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19 Books for Kids About the Immigrant Experience in America

by Laura Lambert

“This was the secret of America: a nation of people with the fresh memory of old traditions who dared to explore new frontiers, people eager to build lives for themselves in a spacious society that did not restrict their freedom of choice and action.”

—John F. Kennedy, A Nation of Immigrants


Just as true when JFK wrote it as it is today: We live in a nation of immigrants. But what does that mean to a 3-, 6-, or 12-year-old? Maybe they’ve heard about the wall that the president wants to build between the U.S. and Mexico. Or the proposed ban on Muslims entering the United States. Maybe they know someone who recently immigrated to the U.S. — and who is struggling to fit in. Maybe immigration is part of their family’s story — or their own.

In my family, almost every single person on my mother’s side is a U.S. immigrant. They came in waves from Seoul, South Korea, the first one in 1951 and the rest following in the ’70s, ’80s, and ’90s. More recently, my older great aunts, distant uncles, and second cousins are moving back to Korea — a boomerang-like twist on the age-old immigrant tale.

I asked my 9-year-old daughter what she knew about immigration. To her, it’s about different-sounding names, different-tasting food, different-looking clothes — and her life is the richer for it. Here are some books to inspire us all to think deeper about our fellow Americans, their stories, and experiences.

  • Middle Grade

  • When Stars Are Scattered

    by Victoria Jamieson and Omar Mohamed, illustrated by Victoria Jamieson

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    Many of those who immigrate to America first spend years in refugee camps while they wait to be granted entry into a new country. Omar Mohamed and his younger brother, Hassan, Somali refugees separated from their parents, spent most of their boyhoods in one such camp. This remarkable graphic memoir unfolds over 15 years, as Omar and Hassan build a life and community in an overcrowded camp before finally resettling in America.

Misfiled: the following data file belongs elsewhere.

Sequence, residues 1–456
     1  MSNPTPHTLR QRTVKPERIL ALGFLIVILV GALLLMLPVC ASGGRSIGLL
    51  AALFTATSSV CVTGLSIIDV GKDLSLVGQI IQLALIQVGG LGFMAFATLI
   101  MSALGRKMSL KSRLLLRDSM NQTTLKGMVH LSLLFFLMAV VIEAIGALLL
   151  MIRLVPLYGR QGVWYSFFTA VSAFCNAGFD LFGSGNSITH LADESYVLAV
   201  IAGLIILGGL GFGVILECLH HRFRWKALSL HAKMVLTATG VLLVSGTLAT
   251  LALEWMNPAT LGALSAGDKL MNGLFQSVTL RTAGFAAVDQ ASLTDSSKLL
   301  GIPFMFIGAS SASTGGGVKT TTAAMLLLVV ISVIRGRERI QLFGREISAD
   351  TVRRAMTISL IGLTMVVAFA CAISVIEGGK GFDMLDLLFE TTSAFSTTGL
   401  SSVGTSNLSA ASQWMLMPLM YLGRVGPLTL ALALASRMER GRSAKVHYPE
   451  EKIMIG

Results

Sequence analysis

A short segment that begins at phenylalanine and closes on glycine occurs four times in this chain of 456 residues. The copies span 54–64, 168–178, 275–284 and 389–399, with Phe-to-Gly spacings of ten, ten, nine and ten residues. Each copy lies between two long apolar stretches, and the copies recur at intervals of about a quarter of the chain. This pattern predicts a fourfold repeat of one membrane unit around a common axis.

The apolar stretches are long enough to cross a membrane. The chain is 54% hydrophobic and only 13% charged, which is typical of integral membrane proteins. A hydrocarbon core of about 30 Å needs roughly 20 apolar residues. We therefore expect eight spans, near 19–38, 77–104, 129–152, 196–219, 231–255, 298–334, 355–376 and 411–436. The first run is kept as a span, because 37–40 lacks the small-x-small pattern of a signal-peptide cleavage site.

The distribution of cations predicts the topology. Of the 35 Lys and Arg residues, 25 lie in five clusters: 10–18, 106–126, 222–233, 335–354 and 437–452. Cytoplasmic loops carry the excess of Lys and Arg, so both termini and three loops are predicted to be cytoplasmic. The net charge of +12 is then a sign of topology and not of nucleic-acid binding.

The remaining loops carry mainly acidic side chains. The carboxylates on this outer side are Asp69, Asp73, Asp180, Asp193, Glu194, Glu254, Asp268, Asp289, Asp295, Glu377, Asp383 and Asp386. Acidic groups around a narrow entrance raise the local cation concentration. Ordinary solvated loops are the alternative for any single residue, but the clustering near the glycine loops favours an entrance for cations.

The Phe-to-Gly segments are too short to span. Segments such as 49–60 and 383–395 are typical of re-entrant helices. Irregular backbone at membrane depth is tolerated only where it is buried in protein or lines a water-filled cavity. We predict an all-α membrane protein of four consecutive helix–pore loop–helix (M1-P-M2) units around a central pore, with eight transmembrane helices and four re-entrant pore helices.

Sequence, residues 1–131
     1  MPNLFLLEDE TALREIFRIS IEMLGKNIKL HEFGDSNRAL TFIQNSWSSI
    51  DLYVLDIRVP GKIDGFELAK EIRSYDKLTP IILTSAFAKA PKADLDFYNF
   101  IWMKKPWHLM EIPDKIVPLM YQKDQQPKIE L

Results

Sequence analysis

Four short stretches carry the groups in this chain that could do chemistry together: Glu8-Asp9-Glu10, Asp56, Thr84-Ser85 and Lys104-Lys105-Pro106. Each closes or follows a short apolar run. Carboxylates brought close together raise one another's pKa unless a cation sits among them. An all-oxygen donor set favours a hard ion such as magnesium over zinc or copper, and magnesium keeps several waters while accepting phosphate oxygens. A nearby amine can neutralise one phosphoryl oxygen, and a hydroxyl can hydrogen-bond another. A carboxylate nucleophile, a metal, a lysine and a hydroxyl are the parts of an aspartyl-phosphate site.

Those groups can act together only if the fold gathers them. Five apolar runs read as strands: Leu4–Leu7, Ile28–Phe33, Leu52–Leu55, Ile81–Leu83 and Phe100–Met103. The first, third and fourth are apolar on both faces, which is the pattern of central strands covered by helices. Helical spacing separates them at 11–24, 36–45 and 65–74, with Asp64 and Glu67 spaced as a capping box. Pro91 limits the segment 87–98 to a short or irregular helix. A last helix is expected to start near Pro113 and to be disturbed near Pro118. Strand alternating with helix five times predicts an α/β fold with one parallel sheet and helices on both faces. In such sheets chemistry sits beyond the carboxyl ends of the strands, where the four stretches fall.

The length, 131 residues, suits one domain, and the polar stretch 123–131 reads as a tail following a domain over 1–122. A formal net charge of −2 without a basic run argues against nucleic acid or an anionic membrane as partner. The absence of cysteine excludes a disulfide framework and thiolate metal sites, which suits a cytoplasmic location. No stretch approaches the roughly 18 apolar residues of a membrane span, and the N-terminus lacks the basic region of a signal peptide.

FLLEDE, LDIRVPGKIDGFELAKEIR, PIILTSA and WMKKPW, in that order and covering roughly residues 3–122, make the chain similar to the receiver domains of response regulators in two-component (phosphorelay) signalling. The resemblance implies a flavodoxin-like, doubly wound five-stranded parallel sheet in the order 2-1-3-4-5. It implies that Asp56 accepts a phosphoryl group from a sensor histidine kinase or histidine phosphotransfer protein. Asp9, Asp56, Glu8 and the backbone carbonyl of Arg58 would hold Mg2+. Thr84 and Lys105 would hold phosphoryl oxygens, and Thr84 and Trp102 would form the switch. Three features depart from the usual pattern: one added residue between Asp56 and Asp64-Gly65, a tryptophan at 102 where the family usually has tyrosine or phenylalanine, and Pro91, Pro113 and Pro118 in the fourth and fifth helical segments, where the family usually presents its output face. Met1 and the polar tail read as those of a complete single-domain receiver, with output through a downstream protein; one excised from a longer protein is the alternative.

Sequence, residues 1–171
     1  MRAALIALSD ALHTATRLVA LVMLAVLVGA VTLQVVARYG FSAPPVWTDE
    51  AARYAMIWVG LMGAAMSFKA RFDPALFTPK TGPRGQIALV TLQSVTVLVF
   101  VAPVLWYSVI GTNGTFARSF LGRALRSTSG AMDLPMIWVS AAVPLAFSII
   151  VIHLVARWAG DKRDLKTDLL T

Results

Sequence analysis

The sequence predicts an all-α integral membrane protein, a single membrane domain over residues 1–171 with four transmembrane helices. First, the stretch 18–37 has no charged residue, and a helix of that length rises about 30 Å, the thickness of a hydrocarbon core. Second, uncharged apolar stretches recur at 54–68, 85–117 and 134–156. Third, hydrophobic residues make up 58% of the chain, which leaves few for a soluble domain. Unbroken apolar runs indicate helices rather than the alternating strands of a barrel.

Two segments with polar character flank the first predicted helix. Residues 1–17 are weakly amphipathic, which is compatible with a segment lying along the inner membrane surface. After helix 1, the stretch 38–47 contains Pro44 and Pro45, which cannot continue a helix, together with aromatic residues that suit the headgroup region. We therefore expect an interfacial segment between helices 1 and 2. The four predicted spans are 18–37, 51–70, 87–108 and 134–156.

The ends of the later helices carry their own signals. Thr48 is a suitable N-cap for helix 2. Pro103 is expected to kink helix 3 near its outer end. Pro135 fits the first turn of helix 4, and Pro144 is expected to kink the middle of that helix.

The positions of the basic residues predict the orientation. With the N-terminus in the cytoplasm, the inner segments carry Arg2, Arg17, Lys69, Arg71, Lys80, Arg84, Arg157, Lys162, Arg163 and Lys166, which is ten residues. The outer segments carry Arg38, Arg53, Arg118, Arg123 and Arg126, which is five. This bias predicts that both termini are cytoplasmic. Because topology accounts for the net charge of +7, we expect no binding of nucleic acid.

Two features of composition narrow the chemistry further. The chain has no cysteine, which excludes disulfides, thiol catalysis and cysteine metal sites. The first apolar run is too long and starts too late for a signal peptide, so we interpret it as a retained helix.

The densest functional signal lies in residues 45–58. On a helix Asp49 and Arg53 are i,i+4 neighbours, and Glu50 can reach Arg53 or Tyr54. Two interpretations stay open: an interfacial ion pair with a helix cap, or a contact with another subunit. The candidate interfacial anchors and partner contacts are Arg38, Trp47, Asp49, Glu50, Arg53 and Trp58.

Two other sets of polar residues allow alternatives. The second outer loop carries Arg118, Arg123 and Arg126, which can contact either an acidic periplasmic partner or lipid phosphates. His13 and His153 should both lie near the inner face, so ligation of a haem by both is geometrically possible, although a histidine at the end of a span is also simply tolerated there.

(Ages 8 - 12)

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  • Kiki and Jacques

    by Susan Ross

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    Twelve-year-old Jacques is already experiencing a lot of change in his life, including the death of his mother, when several Somali refugees move to his small town in Maine. Suddenly, Jacques has competition on the soccer team, and there are other growing pains — for both the locals and refugees — as their community becomes a multicultural one. When Jacques strikes up a friendship with Kiki, one of the refugees, his world begins to expand.
    (Ages 8 - 12)

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  • One Good Thing About America

    by Ruth Freeman

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    Written in letters from 9-year-old Anaïs to her grandmother Oma, One Good Thing About America is a heartfelt and often amusing portrait of a young girl adjusting to life in “Crazy America,” where her classmates’ phrases and customs seem totally strange (and eventually charming). While she gets to know her new culture, Anaïs also misses the family members she had to leave behind.
    (Ages 8 - 12)

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  • Count Me In

    by Varsha Bajaj

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    Of course, immigrating to a new country is only the beginning of a long journey. Karina Chopra’s grandfather first moved to America in 1968, but even though the U.S. has long been his home, the color of Papa’s skin inspires a hate crime against him. Karina and her neighbor Chris launch an anti-hate campaign on social media, urging their community (with heartening success) to remember that each of us belongs.
    (Ages 10+)

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  • Denied, Detained, Deported: Stories from the Dark Side of American Immigration

    by Ann Bausum

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    In this meticulously researched history, Ann Bausum offers an important long view of how immigration has shaped America — economically, culturally, and more. Bausum also delves into some of our country’s shameful responses to immigrants, including turning away Jewish refugees and interning Japanese-Americans during WWII. While a difficult history, it’s also a critical one for reckoning with the cruelty at borders we’re seeing today.
    (Ages 10+)

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Editor’s Note: This article was originally published in 2016 and updated in 2020.